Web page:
Diffuse Toxic Goiter
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Goiter, Diffuse Toxic
(Basedow’s disease, thyrotoxicosis), a disease characterized by enlargement and intensified function of the thyroid gland and accompanied by the development of toxicosis.
Diffuse toxic goiter develops in connection with increased production of thyroid hormones, higher levels of these hormones in the blood, and disturbance of their metabolism in the tissues. The goiter may be caused by mental traumas, poisoning, infections (especially of the upper respiratory tract; specifically, chronic tonsillitis), and overexposure to the sun in persons not accustomed to a hot climate. It generally develops gradually. It occurs mostly in females, often at puberty and the climacteric. It is manifested by weakness, ready fatigability, dyspnea, tachycardia, display of emotions, irascibility, tremor of the eyelids and limbs, insomnia, poor tolerance for heat, hidrosis, loss of hair, loss of weight despite increased appetite, and diarrhea. The palpebral fissures are often wide open, and exophthalmos and poor convergence of the eyes are frequently observed. Changes are most pronounced in the cardiovascular system: rapid heart beat, elevation of the systolic and lowering of the diastolic blood pressures, and resultant hypertrophy of cardiac muscle. Severe cases are characterized by cardiovascular insufficiency. All forms of metabolism are disturbed: oxygen consumption by the tissues increases, resulting in intensified basal metabolism; accelerated excretion of nitrogen (hyperazoturia), calcium, phosphorus, magnesium, and water; and elevated blood sugar levels (hyperglycemia) that may develop into glucosuria. The functioning of other endocrine glands becomes impaired: the adrenal cortex (hypofunction, in the severe forms), pancreas (insufficiency of the islands of Langerhans), and gonads (disruption of the menstrual cycle and hemorrhage in females; increased libido and potency followed by a sharp decline in both, testicular hypotrophy, and decrease in spermatogenesis in males).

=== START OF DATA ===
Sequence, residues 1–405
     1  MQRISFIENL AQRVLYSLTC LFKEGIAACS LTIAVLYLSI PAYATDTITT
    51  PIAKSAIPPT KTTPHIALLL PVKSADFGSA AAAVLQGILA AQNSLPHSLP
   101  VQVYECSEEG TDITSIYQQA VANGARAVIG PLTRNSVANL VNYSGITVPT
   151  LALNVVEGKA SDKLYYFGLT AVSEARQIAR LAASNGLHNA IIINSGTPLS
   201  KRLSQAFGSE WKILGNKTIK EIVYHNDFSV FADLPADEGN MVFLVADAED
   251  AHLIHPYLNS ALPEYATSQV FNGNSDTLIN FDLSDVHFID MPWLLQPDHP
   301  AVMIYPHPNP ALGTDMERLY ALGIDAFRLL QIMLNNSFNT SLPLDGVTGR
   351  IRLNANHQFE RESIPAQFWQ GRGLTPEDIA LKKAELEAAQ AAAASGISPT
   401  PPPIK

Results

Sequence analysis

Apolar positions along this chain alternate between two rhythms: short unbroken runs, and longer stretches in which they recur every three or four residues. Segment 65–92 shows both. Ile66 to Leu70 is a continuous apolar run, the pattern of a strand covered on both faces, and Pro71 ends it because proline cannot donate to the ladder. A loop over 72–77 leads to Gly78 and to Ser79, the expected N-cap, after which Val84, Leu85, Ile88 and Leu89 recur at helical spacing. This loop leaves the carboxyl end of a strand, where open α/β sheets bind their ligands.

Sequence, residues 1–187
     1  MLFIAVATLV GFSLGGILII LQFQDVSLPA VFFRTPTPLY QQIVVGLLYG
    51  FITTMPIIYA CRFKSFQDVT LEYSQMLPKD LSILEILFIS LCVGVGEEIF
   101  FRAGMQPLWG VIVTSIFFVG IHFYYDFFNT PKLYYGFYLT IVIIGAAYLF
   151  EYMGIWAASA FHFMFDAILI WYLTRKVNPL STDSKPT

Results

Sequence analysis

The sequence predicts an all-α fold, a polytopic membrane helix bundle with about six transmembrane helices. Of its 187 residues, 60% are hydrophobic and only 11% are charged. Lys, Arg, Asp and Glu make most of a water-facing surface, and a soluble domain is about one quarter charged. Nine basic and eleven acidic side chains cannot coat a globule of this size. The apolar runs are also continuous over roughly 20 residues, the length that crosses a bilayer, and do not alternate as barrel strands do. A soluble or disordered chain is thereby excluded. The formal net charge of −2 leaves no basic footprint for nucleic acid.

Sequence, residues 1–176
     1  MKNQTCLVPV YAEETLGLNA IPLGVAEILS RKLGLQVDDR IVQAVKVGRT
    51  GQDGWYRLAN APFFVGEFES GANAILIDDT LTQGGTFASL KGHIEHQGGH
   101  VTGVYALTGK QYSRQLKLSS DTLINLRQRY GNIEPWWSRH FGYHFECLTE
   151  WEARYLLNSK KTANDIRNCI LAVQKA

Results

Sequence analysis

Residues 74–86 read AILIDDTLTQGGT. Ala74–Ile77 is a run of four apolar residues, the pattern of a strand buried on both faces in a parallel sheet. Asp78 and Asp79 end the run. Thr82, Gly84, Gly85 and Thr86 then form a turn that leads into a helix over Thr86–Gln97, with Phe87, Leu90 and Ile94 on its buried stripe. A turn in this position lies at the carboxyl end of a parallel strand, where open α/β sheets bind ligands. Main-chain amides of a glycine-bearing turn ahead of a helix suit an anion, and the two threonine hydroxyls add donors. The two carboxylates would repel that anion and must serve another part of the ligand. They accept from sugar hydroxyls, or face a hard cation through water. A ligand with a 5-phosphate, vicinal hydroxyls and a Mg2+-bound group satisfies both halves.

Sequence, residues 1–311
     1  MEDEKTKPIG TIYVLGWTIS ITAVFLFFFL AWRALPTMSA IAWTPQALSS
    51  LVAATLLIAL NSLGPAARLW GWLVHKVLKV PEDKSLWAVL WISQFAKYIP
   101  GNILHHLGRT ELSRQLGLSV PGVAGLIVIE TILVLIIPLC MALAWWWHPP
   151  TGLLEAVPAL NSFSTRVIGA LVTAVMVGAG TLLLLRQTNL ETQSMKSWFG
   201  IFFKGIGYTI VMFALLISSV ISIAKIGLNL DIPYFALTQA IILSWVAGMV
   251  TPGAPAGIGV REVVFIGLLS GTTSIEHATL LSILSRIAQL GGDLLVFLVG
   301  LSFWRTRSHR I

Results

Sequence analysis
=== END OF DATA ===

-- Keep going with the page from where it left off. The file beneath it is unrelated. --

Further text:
Diffuse toxic goiter is treated by proper work, rest, and sleep arrangements; high-caloric diet with sufficient amounts of vitamins (especially vitamin C); and iodine preparations (Microiod), thyrostatic agents (Thiouracil and Mercazole derivatives), and radioactive iodine (contraindicated for children, pregnant women, and lactating mothers). Surgery is effective.
REFERENCEGol’ber, L. M., and V. I. Kandror. “Patologicheskaia fiziologiia shchitovidnoi zhelezy.” In Mnogotomnoe rukovodstvo po patologicheskoi fiziologii, vol. 4. Moscow, 1966.
L. M. GOL’BER